New Jersey Governor Phil Murphy is mandating the replacement of all lead service lines across the state. The new legislation comes nearly two years after Newark—the state’s largest city— had to distribute bottled water to residents during the peak of its lead water crisis.
The new package of laws gives water systems 10 years to replace all their lead service lines with safer plumbing, though utilities can ask for a five year extension. Lead service lines, which pump water to homes and small businesses, are what caused lead levels to spike in cities like Newark and Trenton.
“This is a crisis that has been building for decades and in some cases centuries,” Murphy said during a bill signing on Thursday in Bloomfield. “We’re going to assure that every water service line that contains lead is properly catalogued and then removed.”
New Jersey is the second state in the country to mandate lead pipe replacement, following Michigan. Illinois has a similar bill still sitting on the governor’s desk. New Jersey is also the first to target a 10-year replacement.
“It’s one of the most significant things that can possibly happen for the lead in the drinking water issue,” said Gary Brune, senior policy manager for the New Jersey Future, a nonprofit that advocates for infrastructure investments. “This gives you the ability to be proactive and aggressive… the last thing you want is to find out that the lead is spiked in your neighborhood.”
In six months, more than 600 community water systems will have to inventory where their lead pipes are and make those records public. The owner of the water system will be responsible for replacement, not the private companies contracted to run it.
The American Water Works Association estimates there are 350,000 lead service lines in the state, the fifth most in the country. The most current inventories provided by water systems to the New Jersey Department of Environmental Protection show there are at least 167,354 known pipes that need to be replaced. That’s about 14% of 1.2 million inventoried pipes.
Under the law, lead goosenecks that connect service lines to water mains and galvanized pipes that can attract lead particles will also need to be replaced. There are more than 97,000 known lead service lines and another 70,000 goosenecks or galvanized pipes, the inventories show.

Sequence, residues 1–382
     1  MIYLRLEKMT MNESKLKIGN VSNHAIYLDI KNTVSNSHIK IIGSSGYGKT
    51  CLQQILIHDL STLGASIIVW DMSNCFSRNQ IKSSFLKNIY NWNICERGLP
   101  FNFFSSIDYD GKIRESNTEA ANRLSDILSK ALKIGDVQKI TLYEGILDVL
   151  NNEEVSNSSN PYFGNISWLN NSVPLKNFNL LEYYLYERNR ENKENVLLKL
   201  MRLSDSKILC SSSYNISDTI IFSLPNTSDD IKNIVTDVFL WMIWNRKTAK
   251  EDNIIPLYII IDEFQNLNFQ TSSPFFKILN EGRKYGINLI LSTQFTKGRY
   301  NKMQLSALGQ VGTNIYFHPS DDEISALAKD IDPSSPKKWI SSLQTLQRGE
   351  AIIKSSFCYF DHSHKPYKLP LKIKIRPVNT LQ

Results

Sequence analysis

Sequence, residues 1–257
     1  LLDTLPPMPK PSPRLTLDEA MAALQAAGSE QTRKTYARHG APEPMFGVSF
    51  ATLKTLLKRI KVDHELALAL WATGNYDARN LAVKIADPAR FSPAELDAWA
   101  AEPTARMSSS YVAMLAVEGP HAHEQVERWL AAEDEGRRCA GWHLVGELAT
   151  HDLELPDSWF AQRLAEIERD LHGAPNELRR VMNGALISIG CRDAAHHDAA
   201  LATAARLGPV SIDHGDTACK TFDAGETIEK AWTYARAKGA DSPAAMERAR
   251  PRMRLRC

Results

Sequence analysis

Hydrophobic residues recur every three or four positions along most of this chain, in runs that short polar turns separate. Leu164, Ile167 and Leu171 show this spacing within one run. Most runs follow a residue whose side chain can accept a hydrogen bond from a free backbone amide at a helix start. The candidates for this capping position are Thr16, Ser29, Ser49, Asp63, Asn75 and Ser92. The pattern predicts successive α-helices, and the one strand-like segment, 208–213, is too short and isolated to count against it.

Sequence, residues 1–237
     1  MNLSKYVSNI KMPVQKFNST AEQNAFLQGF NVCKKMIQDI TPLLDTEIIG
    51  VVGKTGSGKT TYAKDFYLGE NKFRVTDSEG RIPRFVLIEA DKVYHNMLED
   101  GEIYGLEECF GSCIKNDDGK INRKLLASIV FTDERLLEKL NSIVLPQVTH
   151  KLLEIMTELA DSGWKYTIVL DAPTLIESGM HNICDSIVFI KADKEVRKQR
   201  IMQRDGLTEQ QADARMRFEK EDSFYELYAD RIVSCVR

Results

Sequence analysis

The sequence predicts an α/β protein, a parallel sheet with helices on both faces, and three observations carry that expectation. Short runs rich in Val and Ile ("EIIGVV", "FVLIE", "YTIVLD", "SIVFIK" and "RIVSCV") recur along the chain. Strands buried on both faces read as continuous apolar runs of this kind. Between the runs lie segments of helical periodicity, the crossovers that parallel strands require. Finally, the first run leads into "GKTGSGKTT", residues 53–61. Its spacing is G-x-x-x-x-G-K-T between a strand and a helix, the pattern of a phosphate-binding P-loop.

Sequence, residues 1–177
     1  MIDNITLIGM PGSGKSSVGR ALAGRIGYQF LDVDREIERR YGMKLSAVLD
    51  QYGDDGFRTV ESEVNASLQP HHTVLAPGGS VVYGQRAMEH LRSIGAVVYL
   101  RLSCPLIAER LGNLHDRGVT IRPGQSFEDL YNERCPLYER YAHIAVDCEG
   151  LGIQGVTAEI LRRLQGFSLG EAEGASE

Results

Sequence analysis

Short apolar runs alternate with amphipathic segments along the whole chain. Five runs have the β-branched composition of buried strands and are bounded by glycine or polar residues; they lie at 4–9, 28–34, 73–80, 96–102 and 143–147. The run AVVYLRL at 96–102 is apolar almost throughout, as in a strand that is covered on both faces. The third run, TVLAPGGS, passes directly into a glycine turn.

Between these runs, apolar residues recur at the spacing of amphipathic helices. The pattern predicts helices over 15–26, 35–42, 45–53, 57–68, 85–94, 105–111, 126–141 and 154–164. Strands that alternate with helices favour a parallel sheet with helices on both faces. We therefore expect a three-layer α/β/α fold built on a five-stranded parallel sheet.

Not all water systems submitted inventories, and those reviewed by WNYC/Gothamist show utilities don’t know what a majority of their pipes are made of. Nearly 1.1 million are of unknown materials, about 85% of all pipes.
“The unknowns are a big part of this story,” Brune said. “Some of these utilities don’t have good records, but certainly the last thing they know about is what’s on the customer side.”
Most lead service lines are owned, at least in part, by the customers. In some cities, the water utility owns the part of the pipe that runs from the main to the curb and the customers own the segment that runs through their property and into their home. That means if a homeowner changed their plumbing over the years, the utility may not have a record of that.
Getting the lead out
Newark is expected to finish replacing more than 20,000 lead pipes by September. The project was financed by $120 million in bonds issued by Essex County and the debt is being serviced through a lease deal with the Port Authority.
Other towns say they can’t afford to take on so much debt.
“You can’t create a great law and then say, ‘Okay, municipalities, your residents [are] already overtaxed, already footing the bill for a lot of other services that are mandated and we’re not going to help you with this,’” Belleville Mayor Michael Melham said.
Belleville uses Newark’s water and has recorded elevated lead levels in the last few years. The township has more than 5,500 lead pipes, according to its inventory. Melham said the township recently raised its water rates and it’ll be tough to increase rates again or to take on the cost of covering pipe replacements.
The package of bills signed by Murphy on Thursday allows municipalities to issue bonds or special assessments for lead replacement projects though it does not set aside special funds to cover the projects.
Some private utilities like New Jersey American Water and SUEZ have already been replacing pipes. A spokeswoman for SUEZ said by the end of the year, the company will have spent $90 million over three years removing 7,000 lead service lines. New Jersey American Water has replaced over 8,400 lead lines and has another 15,000 to go.
Trenton currently tops the list for the most lead pipes at 36,700, followed by 30,000 by SUEZ in Hackensack. Older, denser cities are more likely to have lead service lines and that means the problems are more acutely felt by communities of color.
The package of bills also addresses lead paint, the more common way children are exposed to the contaminant. Rental units will have to be inspected every time a new tenant moves in or every two years.
No amount of lead is safe and ingesting it is particularly harmful for the development of children. More than 4,000 children a year are diagnosed with lead poisoning in the state.
“Today New Jersey stops using our kids as the canary in the coal mine,” said Sean Jackson , CEO of Isles, Inc., a nonprofit focused on making homes lead-free. “With this new law, New Jersey will inspect and correct all rental properties for lead-based paint hazards, before that lead damages the lives and futures of our children.”